Vocabulary and the Olympics

Last month, I made a vow to counter the vitriol and ignorance that spew forth from the American president’s mouth and Twitter account by incorporating better vocabulary into my daily life. As the Olympics in Pyeongchang, Korea, end and the athletes trickle back to Canada and elsewhere, what better way to highlight their achievements than with words other than “great”?

Enjoy my abbreviated Olympic dictionary, a verbal tribute to the 2018 Winter Games, courtesy of the Canadian Oxford Dictionary:

Zenith, n., the highest or culminating point in prosperity, power, etc. Canadian ice dancers Tessa Virtue and Scott Moir reached the zenith of their Olympic careers in Pyeongchang, winning gold medals in both ice dancing and team skating.

Turbulent, adj., varying irregularly, causing disturbance. The turbulent winds played havoc with some of the ski and snowboard events, upsetting some of the athletes and making it impossible to predict winners.

Effervescent, adj., lively, energetic and vivacious. Who could fail to enjoy the effervescent performance of the only North Koreans to genuinely qualify for the Olympics, pairs skaters Ryom Tae-ok and Kim Ju-sik? They won the hearts of the crowd on hand, as well as viewers worldwide.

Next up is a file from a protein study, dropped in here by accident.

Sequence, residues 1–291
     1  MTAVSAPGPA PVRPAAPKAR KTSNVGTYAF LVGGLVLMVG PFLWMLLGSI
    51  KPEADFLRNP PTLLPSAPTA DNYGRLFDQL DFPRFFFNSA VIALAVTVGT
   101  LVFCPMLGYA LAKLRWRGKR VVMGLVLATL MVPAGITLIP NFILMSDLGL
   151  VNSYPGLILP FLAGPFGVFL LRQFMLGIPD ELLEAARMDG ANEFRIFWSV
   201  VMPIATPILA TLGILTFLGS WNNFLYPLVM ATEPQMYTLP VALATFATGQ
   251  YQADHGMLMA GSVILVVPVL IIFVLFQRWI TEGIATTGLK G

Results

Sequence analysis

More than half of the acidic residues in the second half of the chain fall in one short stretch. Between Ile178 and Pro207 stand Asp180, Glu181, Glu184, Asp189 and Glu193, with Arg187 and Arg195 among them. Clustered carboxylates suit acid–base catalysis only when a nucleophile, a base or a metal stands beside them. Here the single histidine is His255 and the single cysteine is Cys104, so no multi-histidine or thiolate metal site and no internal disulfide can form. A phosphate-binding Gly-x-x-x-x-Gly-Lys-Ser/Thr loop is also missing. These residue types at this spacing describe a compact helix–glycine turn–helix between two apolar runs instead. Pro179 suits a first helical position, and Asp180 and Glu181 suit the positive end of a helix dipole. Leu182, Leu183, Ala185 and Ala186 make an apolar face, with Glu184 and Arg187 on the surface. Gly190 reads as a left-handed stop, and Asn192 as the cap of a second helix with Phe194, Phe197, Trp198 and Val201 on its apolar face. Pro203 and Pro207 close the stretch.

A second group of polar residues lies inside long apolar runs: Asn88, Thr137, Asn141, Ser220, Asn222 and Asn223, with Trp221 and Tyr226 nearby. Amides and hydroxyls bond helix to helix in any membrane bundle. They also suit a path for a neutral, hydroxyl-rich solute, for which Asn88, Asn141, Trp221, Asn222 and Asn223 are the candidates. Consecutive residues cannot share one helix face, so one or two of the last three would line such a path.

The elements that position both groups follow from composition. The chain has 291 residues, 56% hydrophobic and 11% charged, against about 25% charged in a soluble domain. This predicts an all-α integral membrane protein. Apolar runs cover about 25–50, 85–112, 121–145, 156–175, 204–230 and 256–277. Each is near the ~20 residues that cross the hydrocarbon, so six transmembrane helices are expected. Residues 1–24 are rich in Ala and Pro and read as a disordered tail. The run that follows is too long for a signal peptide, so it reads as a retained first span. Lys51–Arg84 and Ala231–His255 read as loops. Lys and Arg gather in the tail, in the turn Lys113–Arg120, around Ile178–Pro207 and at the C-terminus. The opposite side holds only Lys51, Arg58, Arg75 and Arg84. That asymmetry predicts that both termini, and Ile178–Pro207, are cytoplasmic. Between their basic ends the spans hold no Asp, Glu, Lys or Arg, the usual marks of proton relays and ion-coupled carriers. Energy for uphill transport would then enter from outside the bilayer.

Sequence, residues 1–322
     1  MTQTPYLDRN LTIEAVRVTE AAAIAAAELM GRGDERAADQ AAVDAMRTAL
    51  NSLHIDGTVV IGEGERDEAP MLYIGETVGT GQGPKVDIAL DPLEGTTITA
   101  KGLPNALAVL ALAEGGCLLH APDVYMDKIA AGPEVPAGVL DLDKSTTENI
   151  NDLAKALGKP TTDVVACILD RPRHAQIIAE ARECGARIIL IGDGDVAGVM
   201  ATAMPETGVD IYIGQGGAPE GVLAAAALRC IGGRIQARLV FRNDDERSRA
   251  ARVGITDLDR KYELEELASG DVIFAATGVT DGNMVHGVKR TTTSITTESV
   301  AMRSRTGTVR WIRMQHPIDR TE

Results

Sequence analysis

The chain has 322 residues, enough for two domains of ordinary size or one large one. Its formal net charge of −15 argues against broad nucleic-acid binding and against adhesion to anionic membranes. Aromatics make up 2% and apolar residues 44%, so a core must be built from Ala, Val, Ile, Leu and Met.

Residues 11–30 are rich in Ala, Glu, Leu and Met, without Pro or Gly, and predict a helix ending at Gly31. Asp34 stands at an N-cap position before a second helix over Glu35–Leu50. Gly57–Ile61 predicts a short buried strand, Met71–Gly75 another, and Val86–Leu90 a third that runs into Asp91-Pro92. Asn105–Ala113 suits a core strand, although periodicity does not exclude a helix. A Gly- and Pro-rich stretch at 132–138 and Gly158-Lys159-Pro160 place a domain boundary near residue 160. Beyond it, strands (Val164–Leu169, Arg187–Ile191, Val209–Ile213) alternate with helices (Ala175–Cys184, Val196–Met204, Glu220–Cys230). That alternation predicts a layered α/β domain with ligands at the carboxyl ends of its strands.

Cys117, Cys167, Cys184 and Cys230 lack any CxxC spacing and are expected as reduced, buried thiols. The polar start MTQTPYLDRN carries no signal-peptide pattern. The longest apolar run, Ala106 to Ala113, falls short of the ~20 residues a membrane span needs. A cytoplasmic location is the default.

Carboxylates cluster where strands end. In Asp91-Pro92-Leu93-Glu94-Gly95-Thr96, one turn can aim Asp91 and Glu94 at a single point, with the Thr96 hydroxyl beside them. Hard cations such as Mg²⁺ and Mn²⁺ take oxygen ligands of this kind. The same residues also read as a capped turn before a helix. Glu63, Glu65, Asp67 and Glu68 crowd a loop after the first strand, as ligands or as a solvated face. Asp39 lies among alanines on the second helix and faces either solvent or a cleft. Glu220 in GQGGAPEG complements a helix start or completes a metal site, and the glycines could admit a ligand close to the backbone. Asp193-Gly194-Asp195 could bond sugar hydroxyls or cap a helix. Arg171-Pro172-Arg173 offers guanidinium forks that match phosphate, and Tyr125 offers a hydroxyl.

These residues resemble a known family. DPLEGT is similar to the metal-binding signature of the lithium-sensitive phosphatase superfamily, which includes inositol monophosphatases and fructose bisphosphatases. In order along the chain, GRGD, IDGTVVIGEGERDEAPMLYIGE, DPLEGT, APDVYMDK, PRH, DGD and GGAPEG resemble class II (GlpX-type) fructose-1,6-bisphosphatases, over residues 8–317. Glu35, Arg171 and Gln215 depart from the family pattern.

Tenacious, adj., persistent, stubborn.

Resilient, adj., readily recovering from shock, depression

The Canadian men’s hockey team was tenacious and resilient after its shocking loss to Germany, rebounding to proudly win a bronze medal.

Trailblazer, n., pioneer, innovator. Women’s luger Alex Gough won Canada’s first-ever Olympic medal in her sport, a bronze, after finishing fourth twice at Sochi in 2014.

Indomitable, adj., can’t be subdued, unyielding, stubbornly persistent. Snowboarder Mark McMorris of Canada demonstrated his indomitable spirit by competing at the Olympics less than a year after a near-fatal boarding accident, earning a bronze medal and worldwide admiration.

Affable, adj., friendly, good-natured. The South Korean people were affable, welcoming hosts to athletes and spectators alike.

Actually, as an Olympics junkie, I could go on and on and on … but in the interest of brevity, I won’t. Suffice it to say that there are many other words to describe the recent Olympics, such as joyous, inclusive and heartwarming. What a treat!

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2 Comments

Filed under Language, Uncategorized

2 responses to “Vocabulary and the Olympics

  1. kate marshall

    Love these words and this column…as a fellow Olympic junkie..it’s kinda quiet this week!

  2. Agreed, Kate! I miss all the action: the triumphs and failures both!

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